Does God hate shrimp? The Old Testament as a basis for morality

God hates shrimp

One of the most frustrating and yet amusing characteristics of the New Atheists  is that they are religious illiterates. Of the “Four Horsemen of the Non-Apocalypse,” only Daniel Dennett is a professional philosopher and none of the members have any background in theology or religious studies. Richard Dawkins almost seems to revel in his ignorance of Christianity in The God Delusion, mockingly responding to allegations that he misrepresents Christian theology by stating that someone who does not believe in fairies does not need to listen to “fairyologists.”

From this position of ignorance stems the taunting secularist question “does God hate shrimp?” The implication is that because such activities as wearing mixed fabrics (Deuteronomy 22:11) and the consumption of shellfish (Leviticus 11:10) are forbidden as “abominations” in the Old Testament, commands which can appear absurd to the modern Western mind, condemning homosexual behavior on the basis of the Old Testament is both laughable and hypocritical. As satire website God Hates Shrimp states:

The point we’re trying to make is that by using the Old Testament (specifically the book of Leviticus) as a basis for protesting gay marriage, you run into a couple of problems. The first is that in the New Testament, Jesus established the New Covenant, which stated that the old Mosaic laws about unclean things were invalid (Jesus in his own person said nothing specifically against homosexuality, although Paul later attributed some remarks to him). The second reason is that if you still want to quote from Leviticus, despite Jesus’ doing away with Mosaic law, then you better be prepared to enforce the whole thing, not just the parts you like. This includes not only the injunction against shellfish and mussels and such, but also against wearing fabrics made of blended fibers, cutting or shaving your beard, sowing mixed seed in a field, and a slew of other things nobody but Orthodox Jews take seriously anymore.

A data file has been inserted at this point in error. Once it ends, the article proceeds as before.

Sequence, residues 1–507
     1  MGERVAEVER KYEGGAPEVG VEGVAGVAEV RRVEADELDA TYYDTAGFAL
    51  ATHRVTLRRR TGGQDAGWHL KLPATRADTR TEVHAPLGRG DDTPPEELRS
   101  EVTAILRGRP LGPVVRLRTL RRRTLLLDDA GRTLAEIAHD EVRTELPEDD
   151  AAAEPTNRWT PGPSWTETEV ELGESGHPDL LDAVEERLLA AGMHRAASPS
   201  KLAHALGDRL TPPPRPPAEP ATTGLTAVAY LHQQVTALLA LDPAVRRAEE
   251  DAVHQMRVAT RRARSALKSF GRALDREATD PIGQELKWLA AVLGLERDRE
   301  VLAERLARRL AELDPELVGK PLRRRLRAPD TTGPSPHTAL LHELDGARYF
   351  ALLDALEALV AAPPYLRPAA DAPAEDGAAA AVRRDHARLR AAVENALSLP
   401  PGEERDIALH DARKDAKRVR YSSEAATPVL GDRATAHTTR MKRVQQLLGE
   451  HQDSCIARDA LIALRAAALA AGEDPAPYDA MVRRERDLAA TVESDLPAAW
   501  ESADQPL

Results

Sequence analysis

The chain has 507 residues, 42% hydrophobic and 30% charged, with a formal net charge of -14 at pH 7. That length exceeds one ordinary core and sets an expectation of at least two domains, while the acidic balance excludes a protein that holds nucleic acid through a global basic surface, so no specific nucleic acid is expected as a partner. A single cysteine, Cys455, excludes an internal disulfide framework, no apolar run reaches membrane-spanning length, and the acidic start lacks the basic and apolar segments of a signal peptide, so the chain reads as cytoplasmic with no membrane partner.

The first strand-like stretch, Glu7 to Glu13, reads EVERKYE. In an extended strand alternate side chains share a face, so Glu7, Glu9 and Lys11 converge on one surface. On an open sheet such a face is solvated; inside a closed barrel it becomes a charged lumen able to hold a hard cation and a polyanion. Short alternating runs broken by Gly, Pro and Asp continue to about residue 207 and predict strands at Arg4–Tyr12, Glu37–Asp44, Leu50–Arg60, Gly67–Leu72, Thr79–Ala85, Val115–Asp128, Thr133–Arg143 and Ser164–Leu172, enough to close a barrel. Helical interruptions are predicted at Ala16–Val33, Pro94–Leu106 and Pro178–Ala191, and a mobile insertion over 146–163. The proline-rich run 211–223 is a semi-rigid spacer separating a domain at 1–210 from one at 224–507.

This line of thought can be persuasive even to a Christian if he or she has a poor understanding of the Old Testament’s relationship with the New. Dispensational theology has taught believers to regard the first thirty-nine books of the Bible as somehow non-applicable to the Christian life. Paul certainly had harsh words for those who trusted in the Law for salvation, but that does not mean that it is to be entirely discarded. Jesus himself explicitly stated that his purpose on the earth was not to abolish the Law but to become its fulfillment (Matthew 5:17).

If we examine the Law we see that there are two kinds of commands: those with punishments prescribed for their violation and those without. The latter are customary and dietary laws that separated Israel from the pagan culture of her surrounding neighbors, whereas the former deal with morals. As a global community, Christians have no need to and in fact cannot distinguish themselves culturally from their neighbors in the way that the Hebrews did. Many Christians choose to follow the dietary and customary commandments, not as necessary for salvation but because they believe that there is wisdom to be found in the entirety of the Law. While full obedience to the Law is not necessary for orthopraxy, this is an important attitude to have regarding God’s commands.